Paul and Katherine, the loving couple, fly from Boston to Los Angeles. Paul is a thirty-year-old historian who finds a wonderful job at a big corporation in the West Coast. Paul is so excited since this is a career boosting opportunity. Katherine, on the other hand doesn’t want to leave Boston, where she has her relatives and friends etc. However Katherine is persuaded to abandon everything and to fly to LA with Paul. Needless to say, Paul thrives in LA while Katherine is plagued with health issues and existential crisis.
This is the plot of “The Nowhere City” by Alison Lurie. I am still at the very beginning, and I’m very interested in the relocation issue the book describes since it is very common among Asian immigrant couples. I’ve heard so many instances that I can’t decide which one I am going to depict here…
One couple is certainly doomed since both have PhD. The husband is a mathematician and he couldn’t land an academic job until his friend recommended him to a very small college located near the Canadian border in the Northeast. His wife is doing certain kind of niche field that she can only find a job in California. The two have almost no chance of getting together other than major holidays. I think retirement is their only chance of getting together permanently.
Another couple was very happy for quite a while. Then one day the husband had a business trip somewhere. Suddenly he was not satisfied with his life anymore–he was middle-aged and was getting old, and he felt that he was missing something in his life. We all hear stories like this. He wanted to move to a new place, take more responsibility in a new better-paid job. But this is very threatening to her. She doesn’t want to move and she doesn’t want to switch jobs. He is getting a better job prospect and is most likely to thrive in the new place, but for her, it’s a different story. What can she do? If she doesn’t follow him, their relationship will fall apart right now; if she does follow him, there’s no guarantee that she will find a good job in the new place–most likely she’s not going to find a job as good as the one she’s having now. And what if the relationship falls apart in the new place due to new stresses? She will lose both her good job and her relationship.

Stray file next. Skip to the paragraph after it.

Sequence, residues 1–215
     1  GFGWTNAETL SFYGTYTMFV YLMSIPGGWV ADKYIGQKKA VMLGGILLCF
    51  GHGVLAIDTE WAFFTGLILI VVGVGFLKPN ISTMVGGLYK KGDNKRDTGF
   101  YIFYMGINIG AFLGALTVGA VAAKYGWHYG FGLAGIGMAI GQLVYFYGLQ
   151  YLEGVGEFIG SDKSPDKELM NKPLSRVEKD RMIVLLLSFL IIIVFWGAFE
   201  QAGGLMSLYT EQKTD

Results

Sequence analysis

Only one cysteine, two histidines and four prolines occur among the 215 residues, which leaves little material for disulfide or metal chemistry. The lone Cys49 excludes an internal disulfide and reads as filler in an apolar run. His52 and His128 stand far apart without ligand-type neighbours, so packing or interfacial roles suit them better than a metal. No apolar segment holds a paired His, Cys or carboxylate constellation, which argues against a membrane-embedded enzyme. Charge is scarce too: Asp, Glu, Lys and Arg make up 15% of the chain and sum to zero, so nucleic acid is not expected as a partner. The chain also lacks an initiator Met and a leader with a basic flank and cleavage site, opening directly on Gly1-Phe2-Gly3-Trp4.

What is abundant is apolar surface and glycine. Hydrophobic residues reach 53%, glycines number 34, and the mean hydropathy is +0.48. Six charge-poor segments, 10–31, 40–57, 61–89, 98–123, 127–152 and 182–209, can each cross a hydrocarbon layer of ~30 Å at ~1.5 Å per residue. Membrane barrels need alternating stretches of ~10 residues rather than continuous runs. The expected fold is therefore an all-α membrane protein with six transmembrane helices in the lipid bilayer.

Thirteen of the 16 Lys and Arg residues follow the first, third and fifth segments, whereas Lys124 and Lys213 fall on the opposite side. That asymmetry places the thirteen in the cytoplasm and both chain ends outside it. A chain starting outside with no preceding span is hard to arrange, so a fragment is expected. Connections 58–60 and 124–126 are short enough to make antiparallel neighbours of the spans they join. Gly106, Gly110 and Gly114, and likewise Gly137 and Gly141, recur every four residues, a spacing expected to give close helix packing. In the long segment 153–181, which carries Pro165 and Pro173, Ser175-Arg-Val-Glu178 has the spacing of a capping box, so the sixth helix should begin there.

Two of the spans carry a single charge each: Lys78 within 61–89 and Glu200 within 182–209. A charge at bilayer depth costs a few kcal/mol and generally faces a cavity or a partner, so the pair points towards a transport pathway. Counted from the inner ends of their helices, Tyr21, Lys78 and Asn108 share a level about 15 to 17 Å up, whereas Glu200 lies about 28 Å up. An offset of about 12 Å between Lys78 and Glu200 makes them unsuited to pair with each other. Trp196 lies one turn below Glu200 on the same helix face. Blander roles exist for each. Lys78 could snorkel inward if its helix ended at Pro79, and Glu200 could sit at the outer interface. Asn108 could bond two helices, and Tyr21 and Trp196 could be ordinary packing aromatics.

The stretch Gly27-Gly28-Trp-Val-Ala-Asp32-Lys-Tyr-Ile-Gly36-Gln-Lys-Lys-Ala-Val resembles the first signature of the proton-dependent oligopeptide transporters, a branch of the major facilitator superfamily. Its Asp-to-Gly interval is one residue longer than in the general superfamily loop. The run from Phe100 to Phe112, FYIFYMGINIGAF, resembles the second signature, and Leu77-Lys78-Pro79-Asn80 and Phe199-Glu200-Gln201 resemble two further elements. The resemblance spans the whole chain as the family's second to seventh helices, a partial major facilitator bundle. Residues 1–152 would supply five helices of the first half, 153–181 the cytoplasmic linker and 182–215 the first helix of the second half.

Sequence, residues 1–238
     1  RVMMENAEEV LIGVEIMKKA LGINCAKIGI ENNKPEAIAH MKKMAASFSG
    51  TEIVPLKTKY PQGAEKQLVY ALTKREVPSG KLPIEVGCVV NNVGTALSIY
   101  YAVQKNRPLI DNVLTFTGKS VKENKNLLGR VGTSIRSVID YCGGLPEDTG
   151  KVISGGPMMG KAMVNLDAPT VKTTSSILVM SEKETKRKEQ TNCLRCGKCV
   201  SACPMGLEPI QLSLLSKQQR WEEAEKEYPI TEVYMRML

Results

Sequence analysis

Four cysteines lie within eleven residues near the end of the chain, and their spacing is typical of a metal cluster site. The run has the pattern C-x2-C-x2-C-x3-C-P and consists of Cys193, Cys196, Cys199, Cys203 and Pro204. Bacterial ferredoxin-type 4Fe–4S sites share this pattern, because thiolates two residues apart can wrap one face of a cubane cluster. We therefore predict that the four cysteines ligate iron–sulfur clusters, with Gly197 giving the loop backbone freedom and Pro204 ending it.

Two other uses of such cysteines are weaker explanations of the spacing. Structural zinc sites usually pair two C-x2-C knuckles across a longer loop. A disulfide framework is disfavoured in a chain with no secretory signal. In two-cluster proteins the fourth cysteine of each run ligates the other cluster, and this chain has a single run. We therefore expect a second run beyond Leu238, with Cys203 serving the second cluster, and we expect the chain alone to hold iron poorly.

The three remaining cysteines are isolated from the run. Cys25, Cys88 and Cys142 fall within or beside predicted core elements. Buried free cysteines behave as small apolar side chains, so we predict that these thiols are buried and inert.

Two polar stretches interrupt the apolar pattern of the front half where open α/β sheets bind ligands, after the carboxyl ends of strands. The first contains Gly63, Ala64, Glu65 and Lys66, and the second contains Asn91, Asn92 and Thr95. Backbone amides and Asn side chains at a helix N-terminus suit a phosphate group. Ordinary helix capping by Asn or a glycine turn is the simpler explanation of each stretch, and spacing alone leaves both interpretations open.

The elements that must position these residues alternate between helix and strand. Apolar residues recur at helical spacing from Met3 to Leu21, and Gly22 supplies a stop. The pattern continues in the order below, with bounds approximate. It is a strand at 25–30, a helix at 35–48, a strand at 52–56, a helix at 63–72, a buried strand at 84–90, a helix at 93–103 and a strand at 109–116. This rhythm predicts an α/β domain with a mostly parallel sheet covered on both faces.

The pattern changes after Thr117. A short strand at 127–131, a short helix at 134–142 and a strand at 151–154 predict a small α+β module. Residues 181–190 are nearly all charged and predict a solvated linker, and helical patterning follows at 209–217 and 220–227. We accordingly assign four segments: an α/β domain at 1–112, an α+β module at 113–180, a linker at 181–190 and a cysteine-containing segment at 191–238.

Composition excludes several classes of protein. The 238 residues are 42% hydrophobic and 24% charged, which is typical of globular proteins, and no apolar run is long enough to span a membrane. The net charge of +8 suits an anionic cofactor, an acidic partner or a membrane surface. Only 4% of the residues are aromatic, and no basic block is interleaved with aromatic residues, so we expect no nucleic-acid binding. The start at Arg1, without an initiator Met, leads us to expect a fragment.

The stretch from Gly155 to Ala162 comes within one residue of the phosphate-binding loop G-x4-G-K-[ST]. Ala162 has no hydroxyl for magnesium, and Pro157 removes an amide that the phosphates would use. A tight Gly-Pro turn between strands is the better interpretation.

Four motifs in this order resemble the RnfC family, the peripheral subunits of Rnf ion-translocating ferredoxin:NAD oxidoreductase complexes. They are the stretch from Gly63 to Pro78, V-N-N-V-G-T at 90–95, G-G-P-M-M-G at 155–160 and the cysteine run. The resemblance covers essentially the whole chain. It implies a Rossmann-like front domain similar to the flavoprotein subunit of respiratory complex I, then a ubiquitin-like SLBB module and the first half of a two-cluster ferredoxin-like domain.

Life is so much more complicated nowadays. During my parents’ days, job was more secure and changing jobs was quite rare. And social customs and tradition made divorce almost impossible. In the rural university my mother worked in, there were only two couples who divorced, out of the entire university staff. And there’s only one person who’s diabetic–this is rather irrelevant to the topic but I can’t help it. Also there’s only one woman who was diagnosed with breast cancer–this is also an irrelevant fact.